Awakening the Giant- Insights from our visit to Sudan

Vi Agroforestry continues to stretch herself into understanding environmental, climate change and socio-economic challenges experienced in the arid and semi-arid zones in the region and Africa at large where the organisation’s support is most needed.  During the last quarter of 2022, the organisation commissioned a feasibility study to the Sudan to gain insights on the context vis-a vis  the organisation’s working areas and approaches.

Sudan is the 3rd largest state in Africa occupying 1,886,068km2  and a population of  45.50 million (World Population Review, 2022). The country is endowed with numerous natural resources including oil, gold and vast rangelands that support pastoral and nomadic lifestyle. The Acacia Senegal (commonly known as hashab) is an important tree to the economy of the country due to its production of Sudan gum/gum arabic- an important export commodity in Sudan accounting for 15% of the country’s export (Hassan, 2017).  The mighty Nile is also a key resource in the Sudan which is utilised by nationals for irrigated agriculture especially wheat growing. The Red Sea is the cornerstone for international trade in Sudan as it supports transportation of goods from the outside world into Sudan and supports export business as well. The two huge water bodies in Sudan support fishery industry.

Despite the huge resource base, Sudanese people are still highly vulnerable to socio-economic, political, climatic and environmental challenges.  The endemic conflict between various political and military factions continue to complicate development process causing massive deterioration of service delivery by the government and huge environmental degradation. Being part of the Sahel region, Sudan is highly prone to desertification, soil erosion and flooding.

Enhancing tree cover, agroforestry, and value chain development

Our visit to the Sudan was an eye opener, the rural areas are hard hit by climate change impacts. The drought condition has affected vegetation and the land has been left bear due to wind erosion and encroachment of desert conditions into the agriculture land is evident. Besides this, the Mesquite tree (Prosopis juliflora) which had been introduced to combat desertification is causing devastating effects due to its invasive nature. It is fast spreading and taking over indigenous vegetation, watercourses, floodplains, roads, and agriculture land contributing to loss of arable land further complicating access to food  and nutritional needs by the smallholder farmer families  (Hoshino, et al., 2012). Our visits to the farms, helped us to see not only the nature of landscapes but also to view farming practices adopted by the farmers. Generally, the farming systems is monocropping with little sustainable land management practices being applied; agroforestry is missing and even where trees are planted, diversity is not considered. This clearly points out that tree planting is required in the country, practical demonstration of agroforestry and agroecological practices will go a long way to support the smallholder farmers in Sudan realise the full potential of their land, adapt to and mitigate climate change effects, build their livelihoods and increase incomes especially for women and youth.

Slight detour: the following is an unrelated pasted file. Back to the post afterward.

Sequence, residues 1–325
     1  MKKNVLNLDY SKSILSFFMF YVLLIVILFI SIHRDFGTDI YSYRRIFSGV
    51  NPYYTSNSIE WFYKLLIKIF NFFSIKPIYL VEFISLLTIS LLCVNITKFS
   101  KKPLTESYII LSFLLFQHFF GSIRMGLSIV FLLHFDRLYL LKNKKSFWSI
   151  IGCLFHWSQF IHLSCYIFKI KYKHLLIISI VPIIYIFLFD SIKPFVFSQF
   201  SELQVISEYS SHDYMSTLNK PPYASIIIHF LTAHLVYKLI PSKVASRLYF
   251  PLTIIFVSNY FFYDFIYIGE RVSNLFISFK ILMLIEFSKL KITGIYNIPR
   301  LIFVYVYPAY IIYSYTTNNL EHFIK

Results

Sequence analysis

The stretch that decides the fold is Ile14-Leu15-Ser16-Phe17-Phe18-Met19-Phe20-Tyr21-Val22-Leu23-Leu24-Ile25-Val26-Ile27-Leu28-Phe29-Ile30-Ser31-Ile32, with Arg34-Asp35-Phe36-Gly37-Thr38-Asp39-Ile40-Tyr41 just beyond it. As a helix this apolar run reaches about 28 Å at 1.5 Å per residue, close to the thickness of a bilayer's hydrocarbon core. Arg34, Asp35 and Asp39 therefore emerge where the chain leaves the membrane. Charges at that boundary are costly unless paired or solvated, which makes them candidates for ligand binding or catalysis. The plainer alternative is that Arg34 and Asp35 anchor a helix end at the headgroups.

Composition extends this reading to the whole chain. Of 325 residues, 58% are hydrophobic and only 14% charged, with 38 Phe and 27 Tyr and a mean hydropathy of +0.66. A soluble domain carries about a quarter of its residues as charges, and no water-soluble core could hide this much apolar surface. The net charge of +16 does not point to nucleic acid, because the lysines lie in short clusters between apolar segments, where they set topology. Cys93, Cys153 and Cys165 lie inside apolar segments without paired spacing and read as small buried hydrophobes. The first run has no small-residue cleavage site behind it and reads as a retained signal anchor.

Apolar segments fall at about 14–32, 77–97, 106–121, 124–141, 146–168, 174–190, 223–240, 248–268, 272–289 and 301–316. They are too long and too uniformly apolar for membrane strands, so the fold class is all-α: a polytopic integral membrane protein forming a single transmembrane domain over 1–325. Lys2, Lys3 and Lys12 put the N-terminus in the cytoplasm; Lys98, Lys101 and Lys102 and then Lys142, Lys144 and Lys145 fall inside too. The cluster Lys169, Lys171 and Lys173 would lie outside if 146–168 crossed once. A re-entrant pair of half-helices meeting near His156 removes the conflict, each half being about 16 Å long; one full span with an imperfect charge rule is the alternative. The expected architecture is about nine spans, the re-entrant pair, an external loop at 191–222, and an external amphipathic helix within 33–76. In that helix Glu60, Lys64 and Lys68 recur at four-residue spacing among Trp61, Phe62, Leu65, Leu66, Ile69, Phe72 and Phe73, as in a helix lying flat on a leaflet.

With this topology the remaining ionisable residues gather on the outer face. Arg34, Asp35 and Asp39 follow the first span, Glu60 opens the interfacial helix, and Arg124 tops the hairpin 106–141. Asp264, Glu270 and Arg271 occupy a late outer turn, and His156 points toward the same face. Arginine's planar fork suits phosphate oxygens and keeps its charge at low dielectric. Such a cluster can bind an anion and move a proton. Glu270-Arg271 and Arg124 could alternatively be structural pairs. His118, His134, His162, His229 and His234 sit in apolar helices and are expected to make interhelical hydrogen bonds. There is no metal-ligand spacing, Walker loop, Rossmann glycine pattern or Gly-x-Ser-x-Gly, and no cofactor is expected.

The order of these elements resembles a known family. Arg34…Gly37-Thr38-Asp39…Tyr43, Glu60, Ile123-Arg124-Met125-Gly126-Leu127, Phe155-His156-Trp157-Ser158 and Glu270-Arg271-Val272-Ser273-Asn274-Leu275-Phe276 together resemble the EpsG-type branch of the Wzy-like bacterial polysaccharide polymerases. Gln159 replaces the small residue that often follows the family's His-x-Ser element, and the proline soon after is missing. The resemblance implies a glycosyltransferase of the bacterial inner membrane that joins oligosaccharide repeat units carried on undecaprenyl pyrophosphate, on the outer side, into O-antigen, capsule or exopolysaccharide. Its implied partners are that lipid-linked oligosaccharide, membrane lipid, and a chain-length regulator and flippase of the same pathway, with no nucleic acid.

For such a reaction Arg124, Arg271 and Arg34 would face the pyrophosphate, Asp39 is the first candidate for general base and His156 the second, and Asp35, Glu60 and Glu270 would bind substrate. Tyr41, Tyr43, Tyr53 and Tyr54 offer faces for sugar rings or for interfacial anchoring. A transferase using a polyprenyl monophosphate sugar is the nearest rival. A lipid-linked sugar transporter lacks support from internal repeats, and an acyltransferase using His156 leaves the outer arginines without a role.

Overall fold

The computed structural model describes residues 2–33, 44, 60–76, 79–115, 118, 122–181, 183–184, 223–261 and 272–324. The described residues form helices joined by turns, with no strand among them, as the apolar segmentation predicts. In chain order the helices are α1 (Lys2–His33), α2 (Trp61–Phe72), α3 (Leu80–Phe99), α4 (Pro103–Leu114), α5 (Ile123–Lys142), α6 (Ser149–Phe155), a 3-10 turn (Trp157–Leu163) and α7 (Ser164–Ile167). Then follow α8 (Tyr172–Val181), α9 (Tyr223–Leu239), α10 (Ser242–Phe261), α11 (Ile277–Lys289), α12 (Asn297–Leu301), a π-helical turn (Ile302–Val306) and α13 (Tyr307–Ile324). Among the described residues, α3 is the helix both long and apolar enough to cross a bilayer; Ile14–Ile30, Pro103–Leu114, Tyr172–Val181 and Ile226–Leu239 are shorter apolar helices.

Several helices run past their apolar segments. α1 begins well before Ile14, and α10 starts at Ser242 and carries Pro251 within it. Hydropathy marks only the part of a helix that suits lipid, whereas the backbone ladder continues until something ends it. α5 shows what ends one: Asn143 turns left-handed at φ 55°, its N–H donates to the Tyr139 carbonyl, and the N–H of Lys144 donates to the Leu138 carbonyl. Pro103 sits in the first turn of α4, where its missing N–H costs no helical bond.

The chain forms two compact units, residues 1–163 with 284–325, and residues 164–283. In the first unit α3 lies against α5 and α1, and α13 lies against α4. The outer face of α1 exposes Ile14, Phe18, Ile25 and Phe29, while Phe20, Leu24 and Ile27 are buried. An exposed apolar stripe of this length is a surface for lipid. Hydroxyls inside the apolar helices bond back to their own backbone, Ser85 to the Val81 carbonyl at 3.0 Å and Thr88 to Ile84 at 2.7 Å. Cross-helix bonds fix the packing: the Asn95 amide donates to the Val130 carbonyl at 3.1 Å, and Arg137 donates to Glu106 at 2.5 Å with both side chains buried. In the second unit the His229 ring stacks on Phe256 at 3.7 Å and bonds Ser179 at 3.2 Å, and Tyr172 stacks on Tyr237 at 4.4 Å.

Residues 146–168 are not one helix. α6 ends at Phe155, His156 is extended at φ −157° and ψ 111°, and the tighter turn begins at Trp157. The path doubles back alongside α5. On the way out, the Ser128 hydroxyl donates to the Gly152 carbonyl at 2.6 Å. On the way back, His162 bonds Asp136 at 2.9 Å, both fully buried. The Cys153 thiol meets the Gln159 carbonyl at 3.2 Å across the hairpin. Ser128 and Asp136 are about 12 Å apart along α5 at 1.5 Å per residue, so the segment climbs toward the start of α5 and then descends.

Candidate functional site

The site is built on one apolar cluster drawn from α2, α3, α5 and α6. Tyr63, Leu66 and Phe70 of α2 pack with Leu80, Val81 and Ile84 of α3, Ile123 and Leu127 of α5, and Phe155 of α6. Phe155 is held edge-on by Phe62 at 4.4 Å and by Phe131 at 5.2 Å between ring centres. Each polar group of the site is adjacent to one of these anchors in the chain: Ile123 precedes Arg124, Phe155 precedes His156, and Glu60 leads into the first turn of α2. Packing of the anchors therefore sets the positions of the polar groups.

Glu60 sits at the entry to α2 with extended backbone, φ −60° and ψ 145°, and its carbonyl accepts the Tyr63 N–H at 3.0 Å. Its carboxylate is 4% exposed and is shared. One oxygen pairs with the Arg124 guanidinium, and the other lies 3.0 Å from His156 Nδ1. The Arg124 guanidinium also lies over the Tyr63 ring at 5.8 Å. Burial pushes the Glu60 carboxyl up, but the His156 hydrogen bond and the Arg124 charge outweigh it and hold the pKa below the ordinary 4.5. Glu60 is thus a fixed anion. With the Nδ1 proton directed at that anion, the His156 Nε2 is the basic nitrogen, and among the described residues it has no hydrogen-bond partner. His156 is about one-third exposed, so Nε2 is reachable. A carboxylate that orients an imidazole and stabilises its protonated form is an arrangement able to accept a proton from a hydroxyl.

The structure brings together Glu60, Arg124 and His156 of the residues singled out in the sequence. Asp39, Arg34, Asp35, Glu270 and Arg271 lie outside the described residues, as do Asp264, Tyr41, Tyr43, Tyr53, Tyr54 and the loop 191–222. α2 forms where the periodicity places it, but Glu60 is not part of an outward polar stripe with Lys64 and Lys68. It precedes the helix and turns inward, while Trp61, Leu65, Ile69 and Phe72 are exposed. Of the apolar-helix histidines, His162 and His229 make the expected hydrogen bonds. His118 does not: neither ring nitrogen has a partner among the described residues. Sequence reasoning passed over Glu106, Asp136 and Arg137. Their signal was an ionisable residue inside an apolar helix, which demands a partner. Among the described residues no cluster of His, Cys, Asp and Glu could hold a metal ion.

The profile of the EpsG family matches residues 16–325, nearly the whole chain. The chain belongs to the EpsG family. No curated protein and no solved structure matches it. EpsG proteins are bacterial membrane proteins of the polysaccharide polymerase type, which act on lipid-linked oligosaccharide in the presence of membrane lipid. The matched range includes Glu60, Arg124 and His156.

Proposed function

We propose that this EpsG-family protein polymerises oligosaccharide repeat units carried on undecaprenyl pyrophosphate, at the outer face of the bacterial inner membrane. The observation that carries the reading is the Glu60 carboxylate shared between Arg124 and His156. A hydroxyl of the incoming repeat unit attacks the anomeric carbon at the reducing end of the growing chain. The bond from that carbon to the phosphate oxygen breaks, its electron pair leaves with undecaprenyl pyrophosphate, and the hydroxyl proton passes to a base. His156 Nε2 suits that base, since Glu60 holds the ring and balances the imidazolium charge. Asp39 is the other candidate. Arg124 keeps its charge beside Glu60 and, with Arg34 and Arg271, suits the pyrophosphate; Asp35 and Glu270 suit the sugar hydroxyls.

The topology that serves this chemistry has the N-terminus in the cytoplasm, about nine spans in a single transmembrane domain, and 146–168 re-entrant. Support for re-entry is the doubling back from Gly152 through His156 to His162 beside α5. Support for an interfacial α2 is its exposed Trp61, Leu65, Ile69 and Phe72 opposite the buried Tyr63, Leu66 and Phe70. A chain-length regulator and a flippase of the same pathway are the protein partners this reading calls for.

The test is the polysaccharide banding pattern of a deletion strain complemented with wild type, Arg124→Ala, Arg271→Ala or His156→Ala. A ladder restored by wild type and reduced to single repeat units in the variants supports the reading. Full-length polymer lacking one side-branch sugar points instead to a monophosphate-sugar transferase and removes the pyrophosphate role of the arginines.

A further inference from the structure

In Sudan several indigenous food crops are cultivated e.g., groundnuts, sesame, sorghum, and millet. Smallholder farmers need support and training to develop farming into a more productive activity. The hashab tree also presents an opportunity for farmers to intentionally grow and conserve it for business while contributing to land restoration. Identified gaps include lack of support in local value addition, access to innovations and tools for tapping the gum and inadequate capacities in negotiating for better markets and prices for their produce. Despite their role in developing farmers capacities and coordinating extension services, farmers organisations and unions are weak and almost non-existence. The farmers are yearning for an opportunity to work together and strengthen their voices as they demand for their rights, fair trade, agricultural support and access to finance and markets.


Hassan, Y. (2017). Gum Arabic in Sudan: An Analysis of the Value Chain. Khartoum: NA.

Hoshino, B., Kamaramalla, A., Elbasit, A., Maneyeva, K., Yoda, K., & Suliman, M. (2012). Evaluating the Invasion Strategic of Mesquite (Prosopis juliflora) in Eastern Sudan Using Remotely Sensed Technique. Journal of Arid Land Studies, 1-4.

World Population Review. (2022, November 23). Sudan Population 2022 (Live). Retrieved November 23, 2022, from worldpopulationreview

Article by Saif Omar and Dr. Monica Nderitu